First, latex-based paint does not have natural latex rubber as a component but it has other chemicals in addition to synthetic latex. Some of these other chemicals are classified as volatile organic compounds (VOCs). VOCs are the primary components responsible for that "new-paint smell" after paint is applied. VOC emissions are usually due to the presence of chemicals in the paint such as the color pigments and compounds that improve durability of the paint and also enable the paint to be spread more easily. The "new-paint smell" can be related to the continued off-gassing of VOCs after the paint “dries.”
Second, according to studies in animals and in humans (occupational settings with significant exposures), the potential health effects of volatile organic compounds (VOCs) include immune effects (e.g., asthma and allergy), cellular effects (e.g., cancer, leukemia), cardiovascular effects, neurologic and sensory effects, and some respiratory effects other than immunologic effects.
Third, is the off-gassing of VOCs harmful? The best answer that I can give you is: sometimes. The reason that I say “sometimes” is that the level of concern for health effects depends on a number of factors. These factors include the ventilation of the area that has been painted, the temperature of the area (cold areas will dry faster than warm areas), susceptibility of the humans that are exposed (children are more susceptible than adults), whether the area receives sunlight (sunlight can increase off-gassing in the period after paint is applied), the length of time of the exposure, and other variables that we do not know about yet. It is thought that some of these VOCs, if in a high enough concentration, could be harmful to humans. We know that children are more susceptible to many, if not all hazardous chemicals. So, in general, scientists and physicians that are most knowledgeable on this subject recommend for us to use the precautionary principle to guide our behaviors.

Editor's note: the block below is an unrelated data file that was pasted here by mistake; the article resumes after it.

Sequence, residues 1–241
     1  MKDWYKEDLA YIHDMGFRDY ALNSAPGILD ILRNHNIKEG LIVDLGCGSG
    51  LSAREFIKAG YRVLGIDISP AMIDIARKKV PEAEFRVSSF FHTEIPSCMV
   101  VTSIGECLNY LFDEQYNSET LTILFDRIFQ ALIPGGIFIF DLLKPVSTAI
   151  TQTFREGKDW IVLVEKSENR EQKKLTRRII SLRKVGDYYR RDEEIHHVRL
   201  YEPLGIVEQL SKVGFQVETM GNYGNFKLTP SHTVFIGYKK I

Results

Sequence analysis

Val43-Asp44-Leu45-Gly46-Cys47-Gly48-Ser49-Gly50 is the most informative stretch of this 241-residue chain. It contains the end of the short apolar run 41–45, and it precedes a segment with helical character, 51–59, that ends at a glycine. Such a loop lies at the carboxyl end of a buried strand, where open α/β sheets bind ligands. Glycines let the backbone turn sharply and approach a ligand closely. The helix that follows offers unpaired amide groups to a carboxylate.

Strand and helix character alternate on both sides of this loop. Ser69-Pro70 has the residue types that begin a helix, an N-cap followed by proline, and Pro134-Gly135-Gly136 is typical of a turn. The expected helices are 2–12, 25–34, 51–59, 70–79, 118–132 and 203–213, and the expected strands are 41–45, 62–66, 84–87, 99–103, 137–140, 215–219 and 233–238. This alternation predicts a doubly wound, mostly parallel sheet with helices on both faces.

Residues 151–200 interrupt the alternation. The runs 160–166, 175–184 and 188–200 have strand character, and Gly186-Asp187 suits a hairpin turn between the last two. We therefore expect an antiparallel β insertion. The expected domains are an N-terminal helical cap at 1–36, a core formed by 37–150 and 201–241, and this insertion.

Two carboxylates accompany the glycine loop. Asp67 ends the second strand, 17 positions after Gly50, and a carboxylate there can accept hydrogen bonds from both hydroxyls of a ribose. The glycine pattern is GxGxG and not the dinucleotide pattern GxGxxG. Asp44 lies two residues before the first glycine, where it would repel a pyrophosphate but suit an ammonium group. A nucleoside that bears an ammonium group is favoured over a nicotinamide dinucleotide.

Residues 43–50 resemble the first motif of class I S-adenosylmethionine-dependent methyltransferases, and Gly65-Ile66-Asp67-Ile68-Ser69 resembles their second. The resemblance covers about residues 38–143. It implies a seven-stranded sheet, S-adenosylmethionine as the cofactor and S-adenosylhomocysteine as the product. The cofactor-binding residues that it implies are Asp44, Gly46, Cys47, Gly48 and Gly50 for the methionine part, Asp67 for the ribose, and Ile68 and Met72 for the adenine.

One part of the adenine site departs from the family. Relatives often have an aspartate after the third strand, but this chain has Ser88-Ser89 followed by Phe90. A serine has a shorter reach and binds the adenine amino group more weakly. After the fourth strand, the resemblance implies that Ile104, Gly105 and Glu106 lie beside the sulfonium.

Unfortunately, I can not tell you for sure how many hours must pass before it is safe for children to be present in a school or day care setting. The “new-paint smell” COULD reflect the on-going presence of off-gassing VOCs.
What symptoms should you look out for? This is a difficult question to answer as well. VOCs and other irritating vapors can cause nasal or sinus congestion, cough, wheezing, fatigue, nausea, headache, and other symptoms. Many of these symptoms overlap with common symptoms that children and adults have on a daily basis—especially, during the winter months when upper respiratory tract infections are being passed around in families and in the day care setting.
Your original question was about the potential harmful effects of latex in paint. Latex paint does not usually contain natural latex rubber. Instead, latex paint contains synthetic polyvinyl material with acrylic resins. If you have heard of latex allergies before, this type of allergy usually results from someone being sensitized after being exposed to latex-containing surgical gloves that are partly composed of latex rubber. Even though there is no natural rubber latex in latex paint, there are some known chemical sensitizers in latex paint, including: formaldehyde, amines or ammonia compounds and VOCs that I discussed above. Formaldehyde is a known chemical sensitizer and strong irritant that is used in pathology and embalming. It has been shown to cause nasal tumors in rats and is used as a stabilizer in paint. Here’s link explaining latex allergy: http://www.cnn.com/HEALTH/library/DS/00621.html
I hope this was helpful and happy holidays to you and your family.
A well-written book that I often recommend to parents:
Raising Healthy Children in a Toxic World: 101 Smart Solutions for Every Family – by Philip J. Landrigan, MD; Herbert L. Needleman, MD; and Mary M. Landrigan, MPA
~ Dr. Parks
This answer is not intended as and does not substitute for medical advice. The information presented in this posting is for patients’ education only. As always, I encourage you to see your personal physician for further evaluation of your individual case.